Dr. Keith Campbell: Even in young people we see that those who are judged more narcissistic by self-report scales or reports from people who know them, or by clinical interviews, do the narcissistic things as you would expect. They have relationship problems, are overconfident in their decision making, entitled, etc. So narcissism as a description seems meaningful.
However, to your point I suspect that the average young person today will become less narcissism as he or she takes on more adult roles and responsibilities, just like happened in past generations. The difference now is that adult roles (starting a family, having a career, etc.) are being put off. This isn’t to point the finger at young people – I think in many ways they are victims of some really terrible cultural and economic decisions by the rest of us.
Dr. Karyl McBride: I believe that empathy is the antithesis to narcissism and you talk in your book about empathy programs for children. Love this. Any thoughts on this from your experience?
Dr. Keith Campbell: We and others have some basic data showing that connection to others is a buffer against narcissism. This can be as simple as feeling similar to others, or a more powerful experience like empathy or compassion. As a scientist, I would love to see people doing some more lasting interventions to increase empathy and compassion and see how this changes narcissism. I am sure the work will happen – it just takes time and resources.
Dr. Karyl McBride: What did you learn for yourself while doing this research and book that was helpful and therapeutic for you? I think writing has a strong therapeutic nature to it.
Dr. Keith Campbell: I think a couple things. The first is somewhat trivial. I think narcissism is important and can have some really negative effects on the world. With my writing, research, talking to people, etc., I have done my best to get those ideas out there. As a result, I don’t find myself yelling at the TV or Internet, which helps me stay calm and be a better spouse and parent.
Second, I have tried to practice being a little less narcissistic or self-centered. I try to focus outside myself a little more – nothing formal, but it is something I am aware of doing. For example, I try to remember that experiences are more important that things, that those deep relationships are more important than shallow ones, and I try to keep a sense of humor about myself.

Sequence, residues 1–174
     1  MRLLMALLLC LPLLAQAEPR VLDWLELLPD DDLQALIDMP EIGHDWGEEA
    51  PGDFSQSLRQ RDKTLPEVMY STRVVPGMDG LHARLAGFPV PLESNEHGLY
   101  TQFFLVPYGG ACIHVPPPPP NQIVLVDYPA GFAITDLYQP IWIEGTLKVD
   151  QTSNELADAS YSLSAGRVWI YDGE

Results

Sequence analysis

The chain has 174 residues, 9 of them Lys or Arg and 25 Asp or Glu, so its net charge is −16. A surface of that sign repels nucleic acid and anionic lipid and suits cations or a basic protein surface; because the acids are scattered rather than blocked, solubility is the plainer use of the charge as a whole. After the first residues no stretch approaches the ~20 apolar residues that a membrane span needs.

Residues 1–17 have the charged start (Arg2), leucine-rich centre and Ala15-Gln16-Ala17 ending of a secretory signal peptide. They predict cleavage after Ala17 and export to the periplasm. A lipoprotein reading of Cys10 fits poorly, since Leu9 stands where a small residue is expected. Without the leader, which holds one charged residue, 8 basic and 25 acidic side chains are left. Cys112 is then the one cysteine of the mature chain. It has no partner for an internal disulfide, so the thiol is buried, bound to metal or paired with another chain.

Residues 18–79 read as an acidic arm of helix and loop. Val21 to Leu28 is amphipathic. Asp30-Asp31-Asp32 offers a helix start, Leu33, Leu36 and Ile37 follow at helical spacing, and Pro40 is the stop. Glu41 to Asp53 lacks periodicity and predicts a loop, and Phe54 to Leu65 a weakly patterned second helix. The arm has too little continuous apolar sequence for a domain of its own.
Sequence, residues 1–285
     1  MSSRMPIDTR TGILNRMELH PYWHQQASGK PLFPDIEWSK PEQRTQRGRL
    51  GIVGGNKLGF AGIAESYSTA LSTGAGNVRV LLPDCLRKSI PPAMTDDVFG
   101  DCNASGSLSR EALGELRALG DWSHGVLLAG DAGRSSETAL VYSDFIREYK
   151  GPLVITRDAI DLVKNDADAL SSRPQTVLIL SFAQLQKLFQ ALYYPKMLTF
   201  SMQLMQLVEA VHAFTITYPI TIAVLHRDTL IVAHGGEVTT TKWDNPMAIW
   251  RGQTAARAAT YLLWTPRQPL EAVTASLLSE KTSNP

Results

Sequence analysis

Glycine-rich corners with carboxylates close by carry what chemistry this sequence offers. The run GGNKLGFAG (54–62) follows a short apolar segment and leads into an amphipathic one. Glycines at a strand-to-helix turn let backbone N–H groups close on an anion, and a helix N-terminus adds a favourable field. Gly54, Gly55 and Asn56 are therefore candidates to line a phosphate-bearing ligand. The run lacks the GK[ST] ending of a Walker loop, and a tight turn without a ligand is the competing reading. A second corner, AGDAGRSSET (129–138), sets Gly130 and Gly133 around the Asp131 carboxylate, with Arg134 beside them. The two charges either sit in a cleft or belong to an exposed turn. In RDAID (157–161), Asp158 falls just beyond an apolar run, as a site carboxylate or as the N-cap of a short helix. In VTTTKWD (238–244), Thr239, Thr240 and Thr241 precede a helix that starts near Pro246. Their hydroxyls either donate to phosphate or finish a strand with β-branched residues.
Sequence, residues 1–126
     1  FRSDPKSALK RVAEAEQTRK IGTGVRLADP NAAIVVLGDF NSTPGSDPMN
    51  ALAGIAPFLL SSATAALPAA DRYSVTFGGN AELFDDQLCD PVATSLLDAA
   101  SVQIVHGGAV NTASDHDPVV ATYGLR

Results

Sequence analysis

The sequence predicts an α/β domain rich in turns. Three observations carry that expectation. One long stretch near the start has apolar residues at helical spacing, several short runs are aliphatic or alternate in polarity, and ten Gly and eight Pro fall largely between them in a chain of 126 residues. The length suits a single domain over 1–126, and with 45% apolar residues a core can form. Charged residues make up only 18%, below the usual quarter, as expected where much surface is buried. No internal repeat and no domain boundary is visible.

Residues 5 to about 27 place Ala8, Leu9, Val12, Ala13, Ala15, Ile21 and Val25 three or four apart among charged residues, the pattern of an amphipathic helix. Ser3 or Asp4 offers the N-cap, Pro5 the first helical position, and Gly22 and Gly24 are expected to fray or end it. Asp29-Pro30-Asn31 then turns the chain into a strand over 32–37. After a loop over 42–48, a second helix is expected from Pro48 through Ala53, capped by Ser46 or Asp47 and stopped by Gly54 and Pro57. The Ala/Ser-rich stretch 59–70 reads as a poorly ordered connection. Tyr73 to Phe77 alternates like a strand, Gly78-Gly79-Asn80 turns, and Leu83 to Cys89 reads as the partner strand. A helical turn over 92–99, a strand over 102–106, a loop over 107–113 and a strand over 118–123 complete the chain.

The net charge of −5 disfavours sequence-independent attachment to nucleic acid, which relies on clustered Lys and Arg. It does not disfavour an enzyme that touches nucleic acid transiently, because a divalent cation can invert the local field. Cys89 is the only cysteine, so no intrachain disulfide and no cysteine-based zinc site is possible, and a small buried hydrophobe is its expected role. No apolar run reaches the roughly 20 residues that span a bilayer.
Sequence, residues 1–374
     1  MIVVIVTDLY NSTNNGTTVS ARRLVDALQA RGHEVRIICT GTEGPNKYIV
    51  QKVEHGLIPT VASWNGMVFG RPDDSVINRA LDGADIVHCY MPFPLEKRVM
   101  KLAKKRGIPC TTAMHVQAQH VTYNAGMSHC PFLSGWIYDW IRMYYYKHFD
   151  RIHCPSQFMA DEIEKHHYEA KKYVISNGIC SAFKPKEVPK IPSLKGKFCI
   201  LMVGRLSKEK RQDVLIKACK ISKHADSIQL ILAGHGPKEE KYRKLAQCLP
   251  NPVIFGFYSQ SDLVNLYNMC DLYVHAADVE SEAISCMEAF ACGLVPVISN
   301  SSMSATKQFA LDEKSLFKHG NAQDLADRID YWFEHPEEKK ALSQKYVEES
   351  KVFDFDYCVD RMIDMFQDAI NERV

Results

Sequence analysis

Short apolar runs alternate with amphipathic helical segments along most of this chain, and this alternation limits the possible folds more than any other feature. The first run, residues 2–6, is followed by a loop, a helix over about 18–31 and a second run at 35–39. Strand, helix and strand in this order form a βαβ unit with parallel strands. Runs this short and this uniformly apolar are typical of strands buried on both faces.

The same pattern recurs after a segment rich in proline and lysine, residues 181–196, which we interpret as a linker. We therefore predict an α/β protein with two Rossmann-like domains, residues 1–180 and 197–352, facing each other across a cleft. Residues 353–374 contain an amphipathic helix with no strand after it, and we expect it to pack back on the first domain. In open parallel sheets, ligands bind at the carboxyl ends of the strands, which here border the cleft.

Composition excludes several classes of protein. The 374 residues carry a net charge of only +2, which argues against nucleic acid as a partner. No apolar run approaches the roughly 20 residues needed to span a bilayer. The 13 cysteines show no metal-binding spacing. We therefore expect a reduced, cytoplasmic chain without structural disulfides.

Dr. Karyl McBride: You also wrote a book titled: When You Love a Man Who Loves Himself. If you were to give one major piece of advice for how to avoid dating or marrying a narcissist, what would it be?
Dr. Keith Campbell: It is tough, because narcissists don’t announce themselves directly. I would say that if you start seeing signs of narcissism – your friends are telling you, the person is becoming controlling or materialistic or self-centered, there is little empathy in the relationship or maybe abuse – get out as soon as you can.
Of course, the best thing to do is avoid it in the first place by taking things slowly, getting a little objective “relationship history” on the person, and not being overwhelmed by your initial excitement in the relationship. Of course, that is easier said than done.
Dr. Karyl McBride: In your continued research, what have you found is most important for parents to avoid so they do not raise entitled or narcissistic children?
Dr. Keith Campbell: I would say: being a good role model; rewarding your children for kindness and for trying hard rather than telling them how great they are; loving your children, of course, but also respecting them enough to let them learn from their mistakes. I am big fan of natural consequences.
Dr. Karyl McBride: I could ask you a million questions, but our time is limited, so will quit here, but thank you so much for doing this. I know our readers will love it!
Dr. Keith Campbell: Thanks, Karyl! My pleasure.
W. Keith Campbell, Ph.D., Professor of Psychology at the University of Georgia, is the author of more than 100 scientific articles and chapters and the books, When You Love a Man Who Loves Himself: How to Deal with a One-way Relationship; The Narcissism Epidemic: Living in the Age of Entitlement (with Jean Twenge); and the The Handbook of Narcissism and Narcissistic Personality Disorder: Theoretical Approaches, Empirical Findings, and Treatments (with Josh Miller). Learn more about Keith online: Website, Amazon